WOLLASTONITE

The
Pyroxenoid Group
of Minerals

RHODONITE

RHODONITE


LARIMAR
a variety of
PECTOLITE


PECTOLITE


The pyroxenoid minerals are inosilicates of the general formula XSiO3. The X, represents ions such as calcium, sodium, manganese, iron and magnesium. The pyroxenoid's structure is similar to the Pyroxene Group's structure. However, the chains in the pyroxenoid structures are more . . . "kinked"! The typical pyroxene structure contains chains of SiO3 tetrahedrons that every other one alternates from the left side to the right side of the chain. Each of the tetrahedrons has one flat edge on the "base" of the structure as if the chain were a chain of connected three sided pyramids on a flat desert. The orderliness of the tetrahedrons means that they repeat every three tetrahedrons, ie. left-right-left.

In pyroxenoids, the chain is more erratic, twisted, almost helical in nature. The repeat interval is variable and depends on the particular pyroxenoid but is always longer than a pyroxene. It is this erratic nature of the pyroxenoid chains that is primarily responsible for the very low symmetry, usually triclinic; bar 1.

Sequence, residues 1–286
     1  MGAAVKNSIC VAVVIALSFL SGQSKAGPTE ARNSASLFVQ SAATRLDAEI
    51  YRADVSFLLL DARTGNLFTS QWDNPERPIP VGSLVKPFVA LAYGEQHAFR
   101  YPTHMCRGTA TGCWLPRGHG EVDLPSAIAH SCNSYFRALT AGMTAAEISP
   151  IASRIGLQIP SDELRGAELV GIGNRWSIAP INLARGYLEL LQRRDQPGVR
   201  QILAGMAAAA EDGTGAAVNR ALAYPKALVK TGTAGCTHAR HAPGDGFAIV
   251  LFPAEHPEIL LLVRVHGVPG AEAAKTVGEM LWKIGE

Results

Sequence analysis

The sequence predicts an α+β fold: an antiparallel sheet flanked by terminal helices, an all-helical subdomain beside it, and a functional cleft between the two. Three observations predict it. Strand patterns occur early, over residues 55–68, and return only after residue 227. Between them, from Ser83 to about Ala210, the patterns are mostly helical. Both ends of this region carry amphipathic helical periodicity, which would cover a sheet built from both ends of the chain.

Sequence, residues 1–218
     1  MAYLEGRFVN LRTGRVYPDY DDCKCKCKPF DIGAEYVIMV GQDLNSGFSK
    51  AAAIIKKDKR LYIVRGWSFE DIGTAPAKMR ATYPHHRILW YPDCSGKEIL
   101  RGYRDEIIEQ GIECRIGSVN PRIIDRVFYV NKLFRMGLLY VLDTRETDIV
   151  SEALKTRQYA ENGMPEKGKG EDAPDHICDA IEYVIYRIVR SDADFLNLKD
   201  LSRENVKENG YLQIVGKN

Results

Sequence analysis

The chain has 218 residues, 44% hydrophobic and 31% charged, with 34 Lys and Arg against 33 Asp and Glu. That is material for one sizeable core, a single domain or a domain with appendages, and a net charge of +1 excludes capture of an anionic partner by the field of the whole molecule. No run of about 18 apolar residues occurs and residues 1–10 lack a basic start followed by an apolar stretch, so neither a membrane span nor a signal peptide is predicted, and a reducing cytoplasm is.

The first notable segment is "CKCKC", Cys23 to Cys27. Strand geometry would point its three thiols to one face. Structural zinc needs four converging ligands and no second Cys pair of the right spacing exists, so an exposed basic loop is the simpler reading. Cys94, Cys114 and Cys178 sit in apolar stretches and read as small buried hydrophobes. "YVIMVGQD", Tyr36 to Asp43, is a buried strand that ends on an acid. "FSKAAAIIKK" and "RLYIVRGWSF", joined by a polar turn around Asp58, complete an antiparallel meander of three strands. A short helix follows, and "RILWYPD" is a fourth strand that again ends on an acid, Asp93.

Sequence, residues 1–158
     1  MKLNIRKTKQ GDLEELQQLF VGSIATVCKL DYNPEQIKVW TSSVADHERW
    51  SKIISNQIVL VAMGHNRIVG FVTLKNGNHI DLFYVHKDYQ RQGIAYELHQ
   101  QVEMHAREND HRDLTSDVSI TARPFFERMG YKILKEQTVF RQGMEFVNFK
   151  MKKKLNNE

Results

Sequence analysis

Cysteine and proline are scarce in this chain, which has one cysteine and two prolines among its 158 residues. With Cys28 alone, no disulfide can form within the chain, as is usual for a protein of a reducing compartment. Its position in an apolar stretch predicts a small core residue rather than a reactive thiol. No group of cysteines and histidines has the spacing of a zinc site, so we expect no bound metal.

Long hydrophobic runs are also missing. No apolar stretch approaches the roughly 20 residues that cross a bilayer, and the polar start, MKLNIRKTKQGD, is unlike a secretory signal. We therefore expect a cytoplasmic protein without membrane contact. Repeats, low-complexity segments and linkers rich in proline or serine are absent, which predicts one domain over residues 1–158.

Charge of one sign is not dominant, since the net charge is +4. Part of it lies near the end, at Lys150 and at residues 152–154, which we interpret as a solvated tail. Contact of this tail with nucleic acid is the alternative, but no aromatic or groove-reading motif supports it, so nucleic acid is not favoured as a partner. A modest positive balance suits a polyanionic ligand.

These are the more common minerals of the Pyroxenoid Group:

  • Bustamite (Calcium Manganese Silicate)
  • Parawollastonite (Calcium Silicate)
  • Pectolite (Sodium Calcium Silicate Hydroxide)
  • Rhodonite (Manganese Iron Magnesium Calcium Silicate)
  • Wollastonite (Calcium Silicate)
Popular Members of the Silicates Class












 

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